Crime broadsides were commonly sold at public executions in the United Kingdom in the 18th and 19th centuries. These were often produced by printers who specialised in them. They were typically illustrated by a crude picture of the crime, a portrait of the criminal, or a generic woodcut of a hanging taking place. There would be a written account of the crime and of the trial and often the criminal's confession of guilt. A doggerel verse warning others to not follow the executed person's example, to avoid their fate, was another common feature.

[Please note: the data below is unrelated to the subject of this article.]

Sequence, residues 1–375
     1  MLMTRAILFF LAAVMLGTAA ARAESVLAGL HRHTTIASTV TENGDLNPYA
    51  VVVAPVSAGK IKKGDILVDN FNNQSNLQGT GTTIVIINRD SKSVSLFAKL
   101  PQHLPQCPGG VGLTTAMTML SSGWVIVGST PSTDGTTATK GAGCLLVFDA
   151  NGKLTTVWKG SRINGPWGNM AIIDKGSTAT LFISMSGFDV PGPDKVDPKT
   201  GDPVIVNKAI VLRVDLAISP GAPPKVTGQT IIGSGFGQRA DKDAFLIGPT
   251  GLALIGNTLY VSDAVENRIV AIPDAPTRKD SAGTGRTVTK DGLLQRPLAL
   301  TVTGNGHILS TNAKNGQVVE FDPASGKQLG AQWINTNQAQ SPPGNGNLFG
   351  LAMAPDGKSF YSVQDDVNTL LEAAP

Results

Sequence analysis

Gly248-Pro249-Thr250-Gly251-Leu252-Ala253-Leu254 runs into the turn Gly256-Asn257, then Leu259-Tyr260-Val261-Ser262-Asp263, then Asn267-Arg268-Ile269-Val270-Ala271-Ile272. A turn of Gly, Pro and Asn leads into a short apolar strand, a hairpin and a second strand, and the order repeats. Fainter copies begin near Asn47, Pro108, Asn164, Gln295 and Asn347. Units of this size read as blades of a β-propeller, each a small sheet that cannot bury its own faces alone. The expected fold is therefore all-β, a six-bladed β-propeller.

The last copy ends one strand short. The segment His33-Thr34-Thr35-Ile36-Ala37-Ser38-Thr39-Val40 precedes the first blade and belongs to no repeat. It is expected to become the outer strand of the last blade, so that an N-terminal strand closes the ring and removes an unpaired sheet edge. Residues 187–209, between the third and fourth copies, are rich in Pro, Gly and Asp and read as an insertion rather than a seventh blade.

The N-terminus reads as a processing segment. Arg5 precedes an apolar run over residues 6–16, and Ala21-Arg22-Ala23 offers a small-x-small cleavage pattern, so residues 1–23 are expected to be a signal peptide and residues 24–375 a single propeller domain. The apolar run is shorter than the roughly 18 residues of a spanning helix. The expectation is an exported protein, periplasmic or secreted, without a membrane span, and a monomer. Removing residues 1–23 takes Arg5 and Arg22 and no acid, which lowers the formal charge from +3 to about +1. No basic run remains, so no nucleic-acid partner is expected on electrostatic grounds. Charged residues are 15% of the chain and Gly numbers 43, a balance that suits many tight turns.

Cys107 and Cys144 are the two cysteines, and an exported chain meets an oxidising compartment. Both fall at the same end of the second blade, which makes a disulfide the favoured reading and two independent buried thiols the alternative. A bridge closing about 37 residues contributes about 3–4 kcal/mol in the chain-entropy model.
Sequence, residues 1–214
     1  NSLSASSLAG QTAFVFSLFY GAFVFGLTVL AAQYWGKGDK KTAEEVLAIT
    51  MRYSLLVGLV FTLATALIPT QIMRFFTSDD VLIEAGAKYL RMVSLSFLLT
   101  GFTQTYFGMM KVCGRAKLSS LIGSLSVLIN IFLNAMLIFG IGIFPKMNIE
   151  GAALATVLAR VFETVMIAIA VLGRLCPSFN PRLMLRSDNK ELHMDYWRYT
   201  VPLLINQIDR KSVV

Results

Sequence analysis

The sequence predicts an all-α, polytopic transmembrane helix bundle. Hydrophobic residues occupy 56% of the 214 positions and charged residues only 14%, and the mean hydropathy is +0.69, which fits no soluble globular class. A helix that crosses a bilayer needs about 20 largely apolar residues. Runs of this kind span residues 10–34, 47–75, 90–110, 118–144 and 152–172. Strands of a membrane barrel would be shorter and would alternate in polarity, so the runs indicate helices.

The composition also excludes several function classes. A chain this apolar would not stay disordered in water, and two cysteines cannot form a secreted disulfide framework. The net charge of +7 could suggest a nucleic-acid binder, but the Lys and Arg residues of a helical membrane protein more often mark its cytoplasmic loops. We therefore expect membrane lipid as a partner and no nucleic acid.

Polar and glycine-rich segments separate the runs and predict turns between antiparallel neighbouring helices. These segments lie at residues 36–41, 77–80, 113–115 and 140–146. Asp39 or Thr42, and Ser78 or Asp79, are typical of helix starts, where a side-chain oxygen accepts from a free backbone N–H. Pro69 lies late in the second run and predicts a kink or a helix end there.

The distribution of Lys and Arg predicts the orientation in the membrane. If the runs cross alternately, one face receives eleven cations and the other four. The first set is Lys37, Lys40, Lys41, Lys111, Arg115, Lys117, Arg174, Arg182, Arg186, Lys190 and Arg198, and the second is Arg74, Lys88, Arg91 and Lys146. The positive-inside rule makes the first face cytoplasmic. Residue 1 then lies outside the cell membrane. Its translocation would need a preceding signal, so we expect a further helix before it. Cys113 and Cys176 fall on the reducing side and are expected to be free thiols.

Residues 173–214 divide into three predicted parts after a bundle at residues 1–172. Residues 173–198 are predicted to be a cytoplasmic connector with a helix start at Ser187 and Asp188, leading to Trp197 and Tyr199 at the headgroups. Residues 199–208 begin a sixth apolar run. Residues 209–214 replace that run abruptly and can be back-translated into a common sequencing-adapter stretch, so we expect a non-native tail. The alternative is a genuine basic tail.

Victorian era Britain experienced social changes that resulted in increased literacy rates. With the rise of capitalism and industrialisation, people began to spend more money on entertainment, contributing to the popularisation of the novel. Improvements in printing resulted in newspapers such as Joseph Addison's The Spectator and Richard Steele's The Tatler, and England's more fully recognizing the singular concept of reading as a form of leisure; it was, of itself, a new industry. Other significant changes included industrialisation and an increased capacity for travel via the invention of tracks, engines, and the corresponding railway distribution (the first public railway, Stockton and Darlington Railway, opened in 1825). These changes created both a market for cheap popular literature, and the ability for it to be circulated on a large scale. The first penny serials were published in the 1830s to meet this demand. Between 1830 and 1850 there were up to 100 publishers of penny-fiction, in addition to many magazines which embraced the genre. The serials were priced to be affordable to working-class readers, and were considerably cheaper than the serialised novels of authors such as Charles Dickens, which cost a shilling [twelve pennies] per part.